Taneytown's Cubs Foil Yankees' Undefeated Season

Yanks' 14-9 Loss Halts Streak At 11

May 29, 1991|By Mike Nortrup | Mike Nortrup,Contributing sports writer

TANEYTOWN — The Yankees may win it all this year in the Taneytown Little League's major-league division.

But they certainly won't win them all in doing it.

The Cubs saw to that by convincingly defeating the previously unbeaten Yanks, 14-9, Thursday night at the Taneytown Memorial Field.

The division-leading Yankees entered the game with an 11-0 record, the top mark of any rec team in the county.

But their dreams of an undefeated season were quickly wrecked as the underdog Cubs, only 3-6entering the game and 0-3 against the Yankees, shot to a 14-0 lead after only three innings and coasted from there.

Seeing the writingon the wall, or in this case, the scoreboard, one Yankee rooter in the bleachers already was describing the game in the past tense after that third frame.

"We have a good team, but we had a bad night," she said.

But there have not been too many bad nights for this group of 11- to 12-year-old boys this year.

The Yankees had scored 10 or more runs in all but two previous outings and were six games aheadof their nearest pursuer in the four-team loop.

Yankee manager Doug Arnold credits his team's great start to its experience.

And for many of his players, that experience has included a lot of winning.

Six of those twelve youngsters played on Arnold's Taneytown minor-league team that went 16-0 in 1989.

That squad won the league's regular- and postseason titles.

Many also played on his majors teamof last year that finished second in both the regular season andthe postseason tournament.

The continued successes may have gone to some of the players' heads, Arnold said.

"Some may have an attitude that we can win 21 games (the entire regular-season schedule) withoutlosing. Kids think that way," he said.

But Arnold has been aroundlong enough to know better.

"I thought we had a chance to win the season, but not to go undefeated," he said.

The Yankees had another problem going into the Cubs game besides the law of averages.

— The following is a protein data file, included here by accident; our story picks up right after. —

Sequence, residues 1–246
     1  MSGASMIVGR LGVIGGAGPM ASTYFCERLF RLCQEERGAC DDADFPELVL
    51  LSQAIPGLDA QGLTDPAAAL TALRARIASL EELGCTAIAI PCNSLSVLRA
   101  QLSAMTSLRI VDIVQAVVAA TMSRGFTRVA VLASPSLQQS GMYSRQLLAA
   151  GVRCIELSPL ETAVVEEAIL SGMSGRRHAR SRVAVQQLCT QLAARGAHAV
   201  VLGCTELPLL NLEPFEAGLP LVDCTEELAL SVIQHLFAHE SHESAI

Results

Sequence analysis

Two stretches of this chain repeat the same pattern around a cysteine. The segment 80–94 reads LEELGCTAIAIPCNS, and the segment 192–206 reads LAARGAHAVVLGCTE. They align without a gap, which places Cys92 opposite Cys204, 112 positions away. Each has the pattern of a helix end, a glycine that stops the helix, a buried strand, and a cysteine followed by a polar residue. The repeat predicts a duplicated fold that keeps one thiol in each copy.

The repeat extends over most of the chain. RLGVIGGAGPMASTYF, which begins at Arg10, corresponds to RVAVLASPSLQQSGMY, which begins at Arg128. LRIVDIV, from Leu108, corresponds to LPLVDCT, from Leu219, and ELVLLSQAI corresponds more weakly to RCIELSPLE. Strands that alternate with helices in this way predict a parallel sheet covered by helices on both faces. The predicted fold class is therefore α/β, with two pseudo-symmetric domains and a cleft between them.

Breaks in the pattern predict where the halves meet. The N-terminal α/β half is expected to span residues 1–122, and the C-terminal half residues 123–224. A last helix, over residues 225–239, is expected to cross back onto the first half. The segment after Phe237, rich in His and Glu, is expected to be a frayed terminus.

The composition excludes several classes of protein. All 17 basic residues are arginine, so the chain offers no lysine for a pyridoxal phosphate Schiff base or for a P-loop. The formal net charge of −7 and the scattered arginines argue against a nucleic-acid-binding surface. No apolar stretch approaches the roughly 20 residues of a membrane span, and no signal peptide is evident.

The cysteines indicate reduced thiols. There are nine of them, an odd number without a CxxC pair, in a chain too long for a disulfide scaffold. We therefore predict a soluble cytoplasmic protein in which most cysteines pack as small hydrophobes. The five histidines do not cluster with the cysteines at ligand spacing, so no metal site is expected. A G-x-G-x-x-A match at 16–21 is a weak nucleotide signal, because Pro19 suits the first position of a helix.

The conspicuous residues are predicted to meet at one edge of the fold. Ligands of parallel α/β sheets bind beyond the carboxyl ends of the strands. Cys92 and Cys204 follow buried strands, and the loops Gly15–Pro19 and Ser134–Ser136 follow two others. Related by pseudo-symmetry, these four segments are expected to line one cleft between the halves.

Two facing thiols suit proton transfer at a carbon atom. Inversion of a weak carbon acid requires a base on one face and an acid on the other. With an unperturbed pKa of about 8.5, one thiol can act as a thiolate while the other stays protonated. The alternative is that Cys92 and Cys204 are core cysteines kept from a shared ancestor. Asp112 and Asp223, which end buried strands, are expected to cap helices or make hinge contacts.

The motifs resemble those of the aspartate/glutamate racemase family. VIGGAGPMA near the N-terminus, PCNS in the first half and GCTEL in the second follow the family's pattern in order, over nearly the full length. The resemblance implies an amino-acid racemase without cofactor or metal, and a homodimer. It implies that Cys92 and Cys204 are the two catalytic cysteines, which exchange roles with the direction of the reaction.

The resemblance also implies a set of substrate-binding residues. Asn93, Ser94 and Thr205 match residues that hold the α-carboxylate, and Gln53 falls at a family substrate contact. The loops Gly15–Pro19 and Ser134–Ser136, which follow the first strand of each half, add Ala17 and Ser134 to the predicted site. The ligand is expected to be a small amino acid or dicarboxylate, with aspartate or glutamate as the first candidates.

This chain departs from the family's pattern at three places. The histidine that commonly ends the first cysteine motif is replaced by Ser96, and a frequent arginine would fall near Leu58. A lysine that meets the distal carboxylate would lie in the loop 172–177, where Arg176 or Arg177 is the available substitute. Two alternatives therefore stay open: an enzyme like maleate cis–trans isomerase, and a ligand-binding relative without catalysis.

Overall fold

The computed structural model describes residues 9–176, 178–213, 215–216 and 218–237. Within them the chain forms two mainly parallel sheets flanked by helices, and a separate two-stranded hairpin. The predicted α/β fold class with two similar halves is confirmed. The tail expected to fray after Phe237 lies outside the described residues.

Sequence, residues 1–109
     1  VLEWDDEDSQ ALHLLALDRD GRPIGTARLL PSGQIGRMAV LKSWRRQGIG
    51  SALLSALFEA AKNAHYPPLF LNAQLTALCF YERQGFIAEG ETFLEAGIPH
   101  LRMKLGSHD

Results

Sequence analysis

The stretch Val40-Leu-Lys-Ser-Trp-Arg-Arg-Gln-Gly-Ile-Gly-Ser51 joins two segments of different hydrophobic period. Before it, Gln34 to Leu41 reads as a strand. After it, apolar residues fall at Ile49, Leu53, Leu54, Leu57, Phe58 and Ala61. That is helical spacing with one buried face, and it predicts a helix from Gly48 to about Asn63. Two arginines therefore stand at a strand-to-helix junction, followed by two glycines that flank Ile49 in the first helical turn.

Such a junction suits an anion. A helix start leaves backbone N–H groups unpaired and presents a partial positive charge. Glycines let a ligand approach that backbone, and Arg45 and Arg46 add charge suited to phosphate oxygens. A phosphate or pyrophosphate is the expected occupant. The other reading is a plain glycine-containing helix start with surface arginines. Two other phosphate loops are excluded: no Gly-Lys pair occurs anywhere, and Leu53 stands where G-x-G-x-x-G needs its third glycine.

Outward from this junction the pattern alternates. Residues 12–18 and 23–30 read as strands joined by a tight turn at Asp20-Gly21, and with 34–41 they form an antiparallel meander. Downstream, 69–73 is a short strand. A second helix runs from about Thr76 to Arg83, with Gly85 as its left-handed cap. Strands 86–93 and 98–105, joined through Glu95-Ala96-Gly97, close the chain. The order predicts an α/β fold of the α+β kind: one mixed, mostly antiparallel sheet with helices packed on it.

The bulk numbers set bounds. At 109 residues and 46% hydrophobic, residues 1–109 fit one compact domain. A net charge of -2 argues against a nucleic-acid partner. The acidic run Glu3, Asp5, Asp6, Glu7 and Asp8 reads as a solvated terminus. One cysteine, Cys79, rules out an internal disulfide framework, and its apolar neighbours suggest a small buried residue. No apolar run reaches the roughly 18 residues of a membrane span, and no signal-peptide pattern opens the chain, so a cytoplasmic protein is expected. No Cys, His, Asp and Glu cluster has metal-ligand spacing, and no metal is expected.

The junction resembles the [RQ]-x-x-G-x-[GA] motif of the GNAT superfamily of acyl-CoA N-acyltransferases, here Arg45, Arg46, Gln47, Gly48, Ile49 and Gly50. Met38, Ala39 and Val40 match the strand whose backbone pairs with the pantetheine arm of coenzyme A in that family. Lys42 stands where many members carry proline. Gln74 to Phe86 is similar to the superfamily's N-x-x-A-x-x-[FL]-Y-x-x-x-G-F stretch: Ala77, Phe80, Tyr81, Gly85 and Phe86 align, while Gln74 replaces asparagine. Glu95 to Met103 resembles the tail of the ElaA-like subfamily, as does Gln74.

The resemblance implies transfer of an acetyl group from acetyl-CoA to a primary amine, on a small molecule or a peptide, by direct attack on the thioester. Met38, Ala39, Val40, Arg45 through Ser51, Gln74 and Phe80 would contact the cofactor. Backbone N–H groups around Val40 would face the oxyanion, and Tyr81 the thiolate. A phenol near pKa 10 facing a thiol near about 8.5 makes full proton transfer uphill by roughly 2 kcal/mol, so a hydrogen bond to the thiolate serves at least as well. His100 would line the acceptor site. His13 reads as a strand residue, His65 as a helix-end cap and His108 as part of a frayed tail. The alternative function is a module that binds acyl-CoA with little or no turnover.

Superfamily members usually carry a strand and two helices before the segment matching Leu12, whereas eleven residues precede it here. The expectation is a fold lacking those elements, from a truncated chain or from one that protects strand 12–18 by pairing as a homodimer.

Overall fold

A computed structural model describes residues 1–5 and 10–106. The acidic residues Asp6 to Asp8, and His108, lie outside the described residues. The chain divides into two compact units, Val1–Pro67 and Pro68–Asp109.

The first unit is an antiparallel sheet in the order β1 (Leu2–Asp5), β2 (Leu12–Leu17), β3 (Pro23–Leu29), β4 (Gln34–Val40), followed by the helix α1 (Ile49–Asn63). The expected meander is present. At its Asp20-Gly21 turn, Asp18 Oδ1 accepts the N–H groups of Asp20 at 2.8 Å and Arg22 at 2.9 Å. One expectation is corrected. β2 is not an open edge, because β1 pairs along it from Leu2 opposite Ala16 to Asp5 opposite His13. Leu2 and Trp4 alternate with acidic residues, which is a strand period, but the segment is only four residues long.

Their top pitcher, Darrell Smith, could pitch only three innings that night because he had

already thrown three earlier in the week.

To protect young arms, league rules prohibit players from pitching more than six innings per week.

Arnold said he was hoping other pitchers could hold the Cubs the first three innings until he could bringhis ace in for the final threein the six-inning contest.

But theycouldn't.

The Cubs parlayed a hit batsman, six walks (including four with the bases loaded) and three hits into eight first-inning runs.

Billy Null singled home two runs, and cleanup hitter Vince Stonesifer plated two more with a double in the big inning.

The Cubs added two in the second on a two-run single by Arnold Johnson.

Stonesifer drove in three more with a bazooka-shot, line-drive homer overthe left-field fence in the third, giving him five RBI for the game.

Arnold brought Smith in for the final innings, but it was too late.

The tall, solidly built youngster was overpowering, fast-balling his way through three hitless, scoreless frames, fanning seven.

Cubs starter Eric Malone was effective early, blanking the Yanks the first three innings.

But he weakened in the fourth, as the Yanks scored six runs on five hits.

Jason Zinkand doubled home two runs, and Smith singled home two more in the inning.

The Yankees nibbledaway, scoring one run in the fifth and two more in the sixth.

Smith drove in one of the sixth-inning runs with a double to left -- histhird hit of the game.

But it was the Cubs' night to cheer.

The blue-shirted youths mobbed each other after the game, looking for all the world as if they had just won the seventh game of the World Series.

"Our pitcher kept the ball down and we hit the ball well," said Cubs manager Mike Stonesifer. "Everything went our way tonight that possibly could."

Arnold said the loss might wake his players upto the fact that there's a long way to go in the season and they still have work to do.

"Anything can happen, and it did," he said.

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